Copper alloy necklace. c. 1000 B.C. (20.3 x 13.5 x 1 cm)
Provenance: "From Loch Gur (county Limerick).; Patrick O'Connor, New York (sold 1949)"
Purchased via the Rogers Fund, 1949
Accession Number: 49.125.3



Iron Age

Silver Ribbon Torc. 500 B.C.-A.D. 400 (overall: 10.2 × 1.7 × 32 cm)
Provenance: “Found in Rathcormac, Co. Cork, Ireland (1882–1883); Robert Day, Cork, Ireland (by 1885); Rev. Mr. Neligan, Rector, Shandon Church, Cork City (sold 1885); [Ready and Rollin, London (sold 1885)]; Private Collection, Vienna(formed 1950s to 1980s–sold 2011); [Bonhams, London (April 13, 2011)]; [Rupert Wace Ancient Art Limited, London (sold 2013)]”
Purchase, Director's Fund and Rust Family Foundation Gift, 2013
Accession Number: 2013.613



Early Medieval

Silver penannular brooch. Early 800s (5.2 x 9.3 x 1.8 x 9.5 cm)
Provenance: Discovered in June 1854 in a field near Galway, Ireland. “Found near Galway, Ireland.; Lt. General Augustus Pitt Rivers (1827–1900), Farnham, Dorset, England; Carruthers, London; K. J. Hewett Ltd., London (1981); Ward & Company Works of Art, New York (sold 1981)”
Purchase, Rogers Fund, and Gift of J. Pierpont Morgan, by exchange, 1981
Accession Number: 1981.413




Copper alloy penannular brooch. 7th century (6.2 x 3.3 x 0.9 cm)
Provenance: “Alastair Bradley Martin, Guennol, Glen Head, New York (until 1953)”
Gift of Alastair Bradley Martin, 1953
Accession Number: 53.48.5



Copper alloy pin. 9th century (?)(10.5 x 2.5 x 1.3 cm)
Provenance: Discovered on a crannog in Co Down, Northern Ireland. Owned by Patrick O'Connor, New York (sold 1949)
Purchased via the Rogers Fund, 1949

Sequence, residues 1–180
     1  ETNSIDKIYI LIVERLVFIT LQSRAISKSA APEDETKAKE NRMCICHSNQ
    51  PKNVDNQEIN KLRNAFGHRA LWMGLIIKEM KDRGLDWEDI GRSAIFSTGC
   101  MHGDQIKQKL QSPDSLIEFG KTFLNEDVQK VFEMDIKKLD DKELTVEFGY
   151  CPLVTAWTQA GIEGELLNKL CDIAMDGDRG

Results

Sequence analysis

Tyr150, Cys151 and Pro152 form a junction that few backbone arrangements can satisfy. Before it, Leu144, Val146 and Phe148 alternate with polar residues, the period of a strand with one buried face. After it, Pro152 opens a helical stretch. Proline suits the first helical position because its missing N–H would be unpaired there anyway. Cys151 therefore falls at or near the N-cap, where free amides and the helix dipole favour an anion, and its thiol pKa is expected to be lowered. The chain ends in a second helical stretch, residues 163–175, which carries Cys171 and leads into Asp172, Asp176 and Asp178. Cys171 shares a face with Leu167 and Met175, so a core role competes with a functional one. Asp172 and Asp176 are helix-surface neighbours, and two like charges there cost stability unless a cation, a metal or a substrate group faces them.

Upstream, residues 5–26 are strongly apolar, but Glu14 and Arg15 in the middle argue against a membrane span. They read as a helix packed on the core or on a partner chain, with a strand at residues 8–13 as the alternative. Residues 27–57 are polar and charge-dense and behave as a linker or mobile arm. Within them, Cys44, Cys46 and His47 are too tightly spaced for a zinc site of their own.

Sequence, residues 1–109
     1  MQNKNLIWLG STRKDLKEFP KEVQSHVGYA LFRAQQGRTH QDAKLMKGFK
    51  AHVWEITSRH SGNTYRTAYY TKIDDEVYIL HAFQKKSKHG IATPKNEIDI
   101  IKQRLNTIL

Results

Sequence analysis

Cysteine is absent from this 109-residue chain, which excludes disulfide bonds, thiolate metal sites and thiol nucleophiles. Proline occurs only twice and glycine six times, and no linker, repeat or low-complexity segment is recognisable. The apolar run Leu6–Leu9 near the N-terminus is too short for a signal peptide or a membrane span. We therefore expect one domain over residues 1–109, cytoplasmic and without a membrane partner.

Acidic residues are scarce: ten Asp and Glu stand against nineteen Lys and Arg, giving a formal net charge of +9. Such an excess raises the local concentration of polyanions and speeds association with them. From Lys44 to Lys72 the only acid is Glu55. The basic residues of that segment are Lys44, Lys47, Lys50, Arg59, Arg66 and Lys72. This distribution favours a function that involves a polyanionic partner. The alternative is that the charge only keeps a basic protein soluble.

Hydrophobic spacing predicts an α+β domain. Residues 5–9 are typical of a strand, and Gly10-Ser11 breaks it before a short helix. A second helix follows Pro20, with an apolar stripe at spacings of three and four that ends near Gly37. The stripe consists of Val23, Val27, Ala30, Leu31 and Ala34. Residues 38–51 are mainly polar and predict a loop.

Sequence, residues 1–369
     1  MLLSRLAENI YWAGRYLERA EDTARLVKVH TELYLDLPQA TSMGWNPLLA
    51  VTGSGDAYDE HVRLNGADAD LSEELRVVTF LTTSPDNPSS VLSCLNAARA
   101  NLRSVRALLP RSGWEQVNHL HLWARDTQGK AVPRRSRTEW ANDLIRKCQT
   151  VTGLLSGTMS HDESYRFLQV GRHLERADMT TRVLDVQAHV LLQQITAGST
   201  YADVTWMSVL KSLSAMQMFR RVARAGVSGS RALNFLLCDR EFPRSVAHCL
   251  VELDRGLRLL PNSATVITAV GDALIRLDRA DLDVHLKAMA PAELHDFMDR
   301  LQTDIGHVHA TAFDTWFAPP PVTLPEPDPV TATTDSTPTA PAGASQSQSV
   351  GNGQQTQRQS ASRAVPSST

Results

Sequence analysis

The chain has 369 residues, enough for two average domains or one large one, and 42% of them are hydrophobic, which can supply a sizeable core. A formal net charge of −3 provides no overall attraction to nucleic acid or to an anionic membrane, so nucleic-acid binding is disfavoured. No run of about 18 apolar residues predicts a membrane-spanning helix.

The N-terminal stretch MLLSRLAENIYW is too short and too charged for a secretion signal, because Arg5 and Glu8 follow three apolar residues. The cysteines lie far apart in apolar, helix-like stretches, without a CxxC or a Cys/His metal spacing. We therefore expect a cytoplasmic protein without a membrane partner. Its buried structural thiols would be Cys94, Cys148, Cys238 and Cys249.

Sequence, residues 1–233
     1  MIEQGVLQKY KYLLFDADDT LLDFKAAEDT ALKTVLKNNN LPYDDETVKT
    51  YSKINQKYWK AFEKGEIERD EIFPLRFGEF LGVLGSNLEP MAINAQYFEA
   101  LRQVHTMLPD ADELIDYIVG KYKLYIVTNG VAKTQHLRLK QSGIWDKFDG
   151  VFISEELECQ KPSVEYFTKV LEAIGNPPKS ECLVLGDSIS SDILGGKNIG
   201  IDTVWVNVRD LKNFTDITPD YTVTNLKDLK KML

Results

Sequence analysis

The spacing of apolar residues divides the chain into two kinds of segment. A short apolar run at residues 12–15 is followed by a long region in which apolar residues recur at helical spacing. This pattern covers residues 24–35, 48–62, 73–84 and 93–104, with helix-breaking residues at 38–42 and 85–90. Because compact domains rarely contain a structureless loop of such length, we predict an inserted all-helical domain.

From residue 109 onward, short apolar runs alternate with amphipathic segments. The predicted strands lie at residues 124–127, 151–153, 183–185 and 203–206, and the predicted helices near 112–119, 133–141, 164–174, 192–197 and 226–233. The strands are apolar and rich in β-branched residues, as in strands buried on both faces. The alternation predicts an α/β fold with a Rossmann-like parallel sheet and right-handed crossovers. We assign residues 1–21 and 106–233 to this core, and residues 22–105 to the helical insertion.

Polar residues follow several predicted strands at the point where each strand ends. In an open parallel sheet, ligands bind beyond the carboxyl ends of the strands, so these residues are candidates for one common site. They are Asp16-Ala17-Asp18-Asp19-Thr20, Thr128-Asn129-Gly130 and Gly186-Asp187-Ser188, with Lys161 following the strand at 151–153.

Accession Number: 49.125.11




Copper alloy pin. 9th century (10.2 x 1.1 x 1.4 cm)
Provenance: Discovered on a crannog in Co Down, Northern Ireland. Owned by Patrick O'Connor, New York (sold 1949)
Purchased via the Rogers Fund, 1949
Accession Number: 49.125.12





Bronze Penannular Brooch. 6th–7th century (4.6 x 10.1 x 1.2 cm)
Provenance: Said to come from Cashel, County Tipperary.; Patrick O'Connor, New York (sold 1949)
Purchased via the Rogers Fund, 1949

Accession Number: 49.125.7





Copper alloy pin. 6th–8th century (7 x 1 cm)
Provenance: "From County Dublin.; Patrick O'Connor, New York (sold 1949)"
Purchased via the Rogers Fund, 1949

Accession Number: 49.125.15




Copper alloy annular brooch. 9th century (22.1 x 2.4 x 0.9 cm)
Provenance: "From Glenarm, County Antrim.; Patrick O'Connor, New York (sold 1949)"
Purchased via the Rogers Fund, 1949
Accession Number: 49.125.9





Bronze penannular brooch with garnets. 9th century (3.6 x 22 x 0.6 cm)
Provenance: "Patrick O'Connor, New York (sold 1949)"
Purchased via the Rogers Fund, 1949

Accession Number: 49.125.8





Copper alloy pin. 10th century (12.6 x 1.1 cm)
Provenance: "From County Dublin.; Patrick O'Connor, New York (sold 1949)"
Purchased via the Rogers Fund, 1949

Accession Number: 49.125.13





Copper alloy pin. 10th century (8.7 x 0.6 cm)
Provenance: "From County Dublin.; Patrick O'Connor, New York (sold 1949)"
Purchased via the Rogers Fund, 1949

Accession Number: 49.125.14